Religious blankets, with their angular features, huge eyes, and centaur posture, often look a little alien. But researchers have recently found a species of mantis that takes this otherworldly quality to the next level: females of this species have an inflatable pheromone gland that protrudes from the back of the abdomen like a Y-shaped green balloon.
This strange organ is different from anything seen on blankets before, according to researchers online on April 21 in the Journal of Orthoptera Research.
In October 2017, herpetologist Frank Glaw was moving through the nocturnal rainforest of Amazonian Peru at the Panguana research station, searching for amphibians and reptiles. His flashlight passed over a brown, leaf-like mantis (Stenophylla lobivertex) in the vegetation tangle and saw "larval-like" structures protruding from his back. Those structures were quickly sucked inside the insect after light struck it, says Glaw, of the Bavarian State Collection of Zoology in Munich, Germany.
Glaw was reminded of "the parasites that eat the animal from within," as they had previously seen insects so fatally parasitized. With the help of Christian Schwarz, an entomologist at Ruhr-University Bochum in Germany, and observations of some captive female specimens, the team discovered that the mantis was not a parasitic vessel.
Christian J. Schwarz (CC-BY 4.0)
When left undisturbed in total darkness, female blankets protrude into a toothed structure inflated with body fluids, roughly the tone and luster of polished jade. It appears to be a highly modified gland to produce pheromones, chemical signals that help female insects attract mates (SN: 13/05/15).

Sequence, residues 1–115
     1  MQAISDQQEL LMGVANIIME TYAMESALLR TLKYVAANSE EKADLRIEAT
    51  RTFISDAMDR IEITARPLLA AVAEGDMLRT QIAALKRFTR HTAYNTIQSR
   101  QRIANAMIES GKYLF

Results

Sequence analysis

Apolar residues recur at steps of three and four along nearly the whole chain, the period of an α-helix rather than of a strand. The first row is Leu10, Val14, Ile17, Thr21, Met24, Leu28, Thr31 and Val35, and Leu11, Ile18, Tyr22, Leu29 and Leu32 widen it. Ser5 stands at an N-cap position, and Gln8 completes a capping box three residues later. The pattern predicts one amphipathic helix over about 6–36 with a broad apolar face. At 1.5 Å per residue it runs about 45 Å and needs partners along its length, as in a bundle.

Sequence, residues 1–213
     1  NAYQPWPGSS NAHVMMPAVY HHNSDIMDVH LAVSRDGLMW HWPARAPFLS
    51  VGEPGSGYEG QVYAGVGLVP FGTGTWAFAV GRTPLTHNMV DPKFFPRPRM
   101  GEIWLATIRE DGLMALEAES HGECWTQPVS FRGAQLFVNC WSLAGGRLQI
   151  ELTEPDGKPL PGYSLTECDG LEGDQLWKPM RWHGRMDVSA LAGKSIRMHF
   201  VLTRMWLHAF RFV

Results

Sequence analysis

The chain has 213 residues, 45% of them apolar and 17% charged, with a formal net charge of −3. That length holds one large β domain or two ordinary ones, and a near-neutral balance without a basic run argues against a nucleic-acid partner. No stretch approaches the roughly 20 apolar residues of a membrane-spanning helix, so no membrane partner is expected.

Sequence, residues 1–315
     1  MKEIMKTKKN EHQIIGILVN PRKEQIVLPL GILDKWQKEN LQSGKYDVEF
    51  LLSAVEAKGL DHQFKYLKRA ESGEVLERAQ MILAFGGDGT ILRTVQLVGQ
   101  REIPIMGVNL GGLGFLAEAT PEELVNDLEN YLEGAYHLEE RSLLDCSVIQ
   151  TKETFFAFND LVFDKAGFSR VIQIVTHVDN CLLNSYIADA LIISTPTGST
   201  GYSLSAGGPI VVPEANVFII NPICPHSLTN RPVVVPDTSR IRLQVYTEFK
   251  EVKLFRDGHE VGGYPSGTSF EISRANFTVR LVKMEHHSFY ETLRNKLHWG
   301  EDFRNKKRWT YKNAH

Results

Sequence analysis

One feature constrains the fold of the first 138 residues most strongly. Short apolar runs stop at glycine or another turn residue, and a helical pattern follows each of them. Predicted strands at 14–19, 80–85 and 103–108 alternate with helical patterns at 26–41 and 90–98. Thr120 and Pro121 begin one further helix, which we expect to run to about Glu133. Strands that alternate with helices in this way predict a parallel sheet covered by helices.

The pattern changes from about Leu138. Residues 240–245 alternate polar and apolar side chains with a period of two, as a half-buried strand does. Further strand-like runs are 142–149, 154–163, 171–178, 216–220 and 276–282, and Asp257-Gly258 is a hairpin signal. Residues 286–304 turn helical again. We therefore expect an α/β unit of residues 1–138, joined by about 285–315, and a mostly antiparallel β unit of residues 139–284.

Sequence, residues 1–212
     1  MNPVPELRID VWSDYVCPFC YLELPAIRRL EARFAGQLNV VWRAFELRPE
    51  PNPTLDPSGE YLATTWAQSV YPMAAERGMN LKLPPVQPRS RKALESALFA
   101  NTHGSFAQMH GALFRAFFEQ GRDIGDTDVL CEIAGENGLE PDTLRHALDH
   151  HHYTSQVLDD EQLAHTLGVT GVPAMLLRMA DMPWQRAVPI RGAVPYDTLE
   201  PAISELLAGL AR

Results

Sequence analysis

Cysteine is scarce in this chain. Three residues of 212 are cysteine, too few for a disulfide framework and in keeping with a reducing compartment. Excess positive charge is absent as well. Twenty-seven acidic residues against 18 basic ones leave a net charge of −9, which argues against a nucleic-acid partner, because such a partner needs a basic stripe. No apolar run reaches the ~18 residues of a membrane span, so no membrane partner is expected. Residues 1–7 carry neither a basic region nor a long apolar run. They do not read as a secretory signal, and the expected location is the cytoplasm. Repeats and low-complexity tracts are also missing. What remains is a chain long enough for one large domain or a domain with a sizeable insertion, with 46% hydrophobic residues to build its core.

Other blankets have simple, non-inflatable glands found in the same section of the abdomen as the bifurcated apparatus of S. lobivertex.
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This species of mantis is rarely found in researchers and could spread finely through the rainforest, so locating receptive pairs could be particularly difficult. The researchers think that a large, protruding pheromone gland with a lot of surface area could be an alternative solution, which more efficiently disperses pheromones to be detected by the antennae of suitors.
"It's a kind of 'chemical dating' application in the jungle," says Glaw, noting that the observations "emphasize the importance of pheromones in the reproduction (of mantises) in a living way."
Females of some other mantis species are known to exhibit a pink gland and patch when performing their chemical call by mates, says Henrique Rodrigues, an entomologist at the Cleveland Museum of Natural History who did not participate in this research.
“I can see something like the precursor of the protruding gland,” Rodrigues says. He notes that since males have thin, hairy antennae, "the other way to increase the chances of finding a mate would be for females to increase the amount of pheromone released."
Glaw believes that similar glands are likely to exist in the other two species of Stenophylla and possibly in other mantises. "If this organ is really an important tool for improving mate discovery," he says, "it would also be an advantage for many other mantis species and could be more widespread."